Does your business need a mobile app? Or a mobile responsive website? Let’s find out!
A common comment from clients is “We need a mobile app!” And, some of them are right – they could benefit from an app. However, often times, what clients actually need is a mobile responsive website. Drawing a distinction between the two may seem like petty semantics, but they’re actually quite different. Which is better? Well, that depends. Every business’ goals and needs are different. So, a better question to ask yourself is, “Which is more appropriate for my business?”
Here are some of the factors you should consider:
A responsive website is available to all devices that have access to the internet. Mobile apps are only available on smartphones and tablets but can access certain functions without an internet connection.
Compatibility can also limit your reach. Mobile apps have to be developed for multiple platforms and devices to reach a wide audience. Responsive websites are generally available on all major browsers and devices.
Ease of Use
A mobile app requires download and installation before it can be used. A responsive website does not. High frequency users may prefer the one tap of opening a mobile app, even if it does require an initial download. However, occasional users may think it’s a hassle.
A responsive website is also easier to update and maintain. When new versions and bug fixes are released, mobile app users will not get the benefits until they update to the new version of the app. Website users will automatically receive updates on their next visit to the site. No action required.
Backed by the power of the internet, responsive websites can offer a myriad of features and functions for your target user. However, if your service or product offering intends to utilize native smartphone options – such as the camera, microphone or push notifications – mobile apps tend to work better.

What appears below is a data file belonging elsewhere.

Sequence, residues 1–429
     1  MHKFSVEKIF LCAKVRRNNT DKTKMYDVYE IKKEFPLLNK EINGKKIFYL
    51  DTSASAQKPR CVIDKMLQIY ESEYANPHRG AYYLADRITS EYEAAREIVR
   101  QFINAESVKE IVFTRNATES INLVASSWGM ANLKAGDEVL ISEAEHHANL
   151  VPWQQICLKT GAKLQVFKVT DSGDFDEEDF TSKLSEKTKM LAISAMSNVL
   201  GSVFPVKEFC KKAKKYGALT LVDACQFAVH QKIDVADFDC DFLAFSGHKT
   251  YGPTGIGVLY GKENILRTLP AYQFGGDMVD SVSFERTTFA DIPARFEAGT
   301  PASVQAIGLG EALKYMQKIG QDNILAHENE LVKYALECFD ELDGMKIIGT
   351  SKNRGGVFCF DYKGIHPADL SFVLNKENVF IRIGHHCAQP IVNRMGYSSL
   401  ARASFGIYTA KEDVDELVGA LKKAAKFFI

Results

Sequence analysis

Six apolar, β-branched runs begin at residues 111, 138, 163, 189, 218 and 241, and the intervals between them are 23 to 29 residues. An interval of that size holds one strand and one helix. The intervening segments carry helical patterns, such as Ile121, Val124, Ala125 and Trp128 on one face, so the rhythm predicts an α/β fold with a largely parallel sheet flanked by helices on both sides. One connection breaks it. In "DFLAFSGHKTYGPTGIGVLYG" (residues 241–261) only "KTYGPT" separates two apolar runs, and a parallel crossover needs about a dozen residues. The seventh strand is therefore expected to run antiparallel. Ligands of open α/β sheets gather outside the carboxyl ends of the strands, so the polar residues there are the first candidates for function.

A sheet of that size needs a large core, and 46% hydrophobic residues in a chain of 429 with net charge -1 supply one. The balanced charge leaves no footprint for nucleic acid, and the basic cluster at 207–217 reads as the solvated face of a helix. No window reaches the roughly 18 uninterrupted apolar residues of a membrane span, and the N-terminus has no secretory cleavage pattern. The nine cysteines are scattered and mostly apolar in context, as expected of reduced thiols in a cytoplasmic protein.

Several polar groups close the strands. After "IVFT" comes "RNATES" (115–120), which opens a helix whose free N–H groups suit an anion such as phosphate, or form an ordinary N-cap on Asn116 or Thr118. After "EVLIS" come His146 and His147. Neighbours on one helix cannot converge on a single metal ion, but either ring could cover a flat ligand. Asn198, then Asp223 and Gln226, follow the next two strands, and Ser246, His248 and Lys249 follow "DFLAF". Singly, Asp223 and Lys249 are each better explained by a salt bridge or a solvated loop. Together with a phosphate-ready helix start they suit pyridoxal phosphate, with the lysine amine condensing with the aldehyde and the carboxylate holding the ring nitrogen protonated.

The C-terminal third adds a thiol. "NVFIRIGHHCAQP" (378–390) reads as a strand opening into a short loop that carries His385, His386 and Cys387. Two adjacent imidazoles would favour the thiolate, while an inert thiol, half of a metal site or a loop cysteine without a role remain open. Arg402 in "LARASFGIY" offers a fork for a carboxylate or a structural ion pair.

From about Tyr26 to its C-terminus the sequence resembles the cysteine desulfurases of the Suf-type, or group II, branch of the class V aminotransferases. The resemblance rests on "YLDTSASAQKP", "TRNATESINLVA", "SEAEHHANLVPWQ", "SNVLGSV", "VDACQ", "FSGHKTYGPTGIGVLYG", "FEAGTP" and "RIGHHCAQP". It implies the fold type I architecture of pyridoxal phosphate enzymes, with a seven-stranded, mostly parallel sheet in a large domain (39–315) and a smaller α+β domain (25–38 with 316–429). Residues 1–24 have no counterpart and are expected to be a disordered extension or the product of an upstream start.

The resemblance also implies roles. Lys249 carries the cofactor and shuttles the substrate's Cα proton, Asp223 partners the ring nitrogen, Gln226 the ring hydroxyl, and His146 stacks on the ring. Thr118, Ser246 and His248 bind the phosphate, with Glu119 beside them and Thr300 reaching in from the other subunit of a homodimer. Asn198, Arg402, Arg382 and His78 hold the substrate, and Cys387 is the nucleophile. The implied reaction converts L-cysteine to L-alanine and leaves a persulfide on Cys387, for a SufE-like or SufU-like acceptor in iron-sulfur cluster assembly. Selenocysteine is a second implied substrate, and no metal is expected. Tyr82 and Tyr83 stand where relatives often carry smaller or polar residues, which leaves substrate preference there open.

Cost / Budget
Generally speaking, developing a mobile app is more expensive than building a responsive website or web app. There are fewer experienced mobile developers in the marketplace than web developers, which causes their average development rates to be higher. On top of that, mobile app development potentially involves developing for multiple platforms. If you want to reach a wide audience, you’ll want to make sure your app is available in both iOS and Android versions (maybe Windows too). Depending on the desired functionality of the app, that could mean developing multiple apps which will increase your development costs significantly.
The Bottom Line
So, which should you choose? Maybe both? (We joke!) The fact is that both options have pros and cons and can play a valuable role for your business. The key is to let your vision and strategy drive your innovation choices. The tools you choose for your business should be guided by your broader business strategy. If your software vendor isn’t asking about your business goals for the project, that is a red flag! Be sure your development team understands your objectives (and budget) before the first line of code is written.